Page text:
Quick Answer: Why Does Keep Change Flip Work?

Why do you keep change flip when dividing fractions?

Since 7⁄7 is also equivalent to 1, we can multiply our answer by 7⁄7 in order to get a whole number for our denominator. Believe it or not, this is the same answer we arrive at by inverting and multiplying. So, inverting and multiplying when dividing fractions is actually just a shortcut!

Why does the Rule turn the second fraction upside down then multiply work for the division of fractions?

Why Turn the Fraction Upside Down? Because dividing is the opposite of multiplying! A fraction says to: multiply by the top number.

Why does multiplying by the reciprocal work?

In each case, the original number, when multiplied by its reciprocal, equals 1. To create two numbers that multiply together to give an answer of one, the numerator of one is the denominator of the other. You sometimes say one number is the “flip” of the other number: flip to get the reciprocal.

Why do you flip the inequality sign?

When you multiply both sides by a negative value you make the side that is greater have a “bigger” negative number, which actually means it is now less than the other side! This is why you must flip the sign whenever you multiply by a negative number.

What is it called when you flip a fraction?

The flipped-over fraction is called the multiplicative inverse or reciprocal.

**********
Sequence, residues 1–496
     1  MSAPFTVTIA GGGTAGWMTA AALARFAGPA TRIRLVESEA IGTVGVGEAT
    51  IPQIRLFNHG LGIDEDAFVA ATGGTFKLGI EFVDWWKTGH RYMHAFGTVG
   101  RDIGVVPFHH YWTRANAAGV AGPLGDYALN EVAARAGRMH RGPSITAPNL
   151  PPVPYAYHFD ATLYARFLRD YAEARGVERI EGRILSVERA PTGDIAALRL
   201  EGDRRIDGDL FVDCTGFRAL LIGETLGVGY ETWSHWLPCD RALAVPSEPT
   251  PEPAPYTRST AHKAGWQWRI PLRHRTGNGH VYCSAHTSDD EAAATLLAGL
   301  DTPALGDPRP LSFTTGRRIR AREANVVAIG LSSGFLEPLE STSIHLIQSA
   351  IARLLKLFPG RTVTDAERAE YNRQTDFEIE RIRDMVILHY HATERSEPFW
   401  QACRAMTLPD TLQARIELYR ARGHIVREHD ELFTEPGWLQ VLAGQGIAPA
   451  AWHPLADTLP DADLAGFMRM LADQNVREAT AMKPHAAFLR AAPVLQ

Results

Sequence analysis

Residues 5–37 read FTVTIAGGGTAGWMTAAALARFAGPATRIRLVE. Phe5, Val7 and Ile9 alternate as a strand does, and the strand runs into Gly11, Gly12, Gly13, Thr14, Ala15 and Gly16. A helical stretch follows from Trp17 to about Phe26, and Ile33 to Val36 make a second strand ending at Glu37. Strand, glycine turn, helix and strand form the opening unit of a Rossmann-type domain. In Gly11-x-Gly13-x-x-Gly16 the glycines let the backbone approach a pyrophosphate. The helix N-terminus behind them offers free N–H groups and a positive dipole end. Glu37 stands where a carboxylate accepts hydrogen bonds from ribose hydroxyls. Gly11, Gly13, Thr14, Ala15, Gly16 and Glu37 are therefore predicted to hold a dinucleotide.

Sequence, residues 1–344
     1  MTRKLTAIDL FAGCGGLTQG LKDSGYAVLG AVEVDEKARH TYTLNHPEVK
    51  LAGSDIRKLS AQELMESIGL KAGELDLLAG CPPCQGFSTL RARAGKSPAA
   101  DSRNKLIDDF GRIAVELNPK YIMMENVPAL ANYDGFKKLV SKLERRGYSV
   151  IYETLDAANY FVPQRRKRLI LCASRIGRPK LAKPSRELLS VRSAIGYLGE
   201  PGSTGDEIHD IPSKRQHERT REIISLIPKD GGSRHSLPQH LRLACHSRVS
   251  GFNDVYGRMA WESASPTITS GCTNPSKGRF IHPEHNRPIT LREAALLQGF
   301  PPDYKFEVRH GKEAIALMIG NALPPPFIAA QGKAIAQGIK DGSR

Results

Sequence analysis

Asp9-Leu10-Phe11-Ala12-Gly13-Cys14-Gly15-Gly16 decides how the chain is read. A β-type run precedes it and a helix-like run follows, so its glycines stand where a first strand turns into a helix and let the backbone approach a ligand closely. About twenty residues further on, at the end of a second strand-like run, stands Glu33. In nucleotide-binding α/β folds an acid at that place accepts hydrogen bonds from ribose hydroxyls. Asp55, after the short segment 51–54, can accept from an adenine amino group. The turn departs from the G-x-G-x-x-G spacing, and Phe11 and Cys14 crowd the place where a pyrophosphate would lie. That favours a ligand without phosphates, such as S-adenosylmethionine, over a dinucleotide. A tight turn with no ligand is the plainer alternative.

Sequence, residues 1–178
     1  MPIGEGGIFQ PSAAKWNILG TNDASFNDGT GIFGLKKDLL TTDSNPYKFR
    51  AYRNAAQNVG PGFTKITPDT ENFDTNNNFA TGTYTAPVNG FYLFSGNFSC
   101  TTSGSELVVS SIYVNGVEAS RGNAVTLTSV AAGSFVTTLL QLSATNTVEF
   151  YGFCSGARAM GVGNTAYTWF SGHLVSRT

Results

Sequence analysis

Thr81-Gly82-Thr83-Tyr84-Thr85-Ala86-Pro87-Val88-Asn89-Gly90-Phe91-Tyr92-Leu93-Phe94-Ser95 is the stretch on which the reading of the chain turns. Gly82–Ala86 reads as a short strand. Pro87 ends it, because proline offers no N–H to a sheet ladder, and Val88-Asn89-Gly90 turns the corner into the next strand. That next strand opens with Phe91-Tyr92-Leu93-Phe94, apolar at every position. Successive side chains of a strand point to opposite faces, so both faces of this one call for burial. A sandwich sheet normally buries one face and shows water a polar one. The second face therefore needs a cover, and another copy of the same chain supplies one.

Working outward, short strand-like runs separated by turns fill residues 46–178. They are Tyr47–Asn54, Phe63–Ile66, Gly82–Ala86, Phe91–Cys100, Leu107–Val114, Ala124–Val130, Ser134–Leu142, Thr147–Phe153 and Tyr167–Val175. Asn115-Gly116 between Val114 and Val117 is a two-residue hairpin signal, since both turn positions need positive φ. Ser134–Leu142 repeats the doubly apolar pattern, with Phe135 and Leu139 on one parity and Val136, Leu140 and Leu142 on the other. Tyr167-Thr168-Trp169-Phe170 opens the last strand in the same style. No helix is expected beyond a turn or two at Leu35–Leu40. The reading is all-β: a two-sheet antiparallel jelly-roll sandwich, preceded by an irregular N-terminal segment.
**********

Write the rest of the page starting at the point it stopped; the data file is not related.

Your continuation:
Why do fractions get bigger when divided?

Division is about how many times something goes into something else. One goes into a number that number of times. A fraction less than one goes into a (positive) number more than that number of times. Hence dividing by a fraction (less than one) increases the size of a number (whether that number is a fraction or not).

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How do you multiply fractions with different denominators?

Well, when multiplying fractions it doesn’t matter if the denominators are different. You simply just multiply the two denominators to get your answer and the same for the numerators.

How is dividing by 3 the same as multiplying by 1 3?

Before we can divide, we need to make one more change. We’ll switch the numerator and the denominator of the fraction we’re dividing by: 1/3 in this example. So 1/3 becomes 3 /1.

Is dividing the same as multiplying?

Multiplication and division are closely related, given that division is the inverse operation of multiplication. When we divide, we look to separate into equal groups, while multiplication involves joining equal groups. If we divide this product by one of the factors, we get the other factor as a result.

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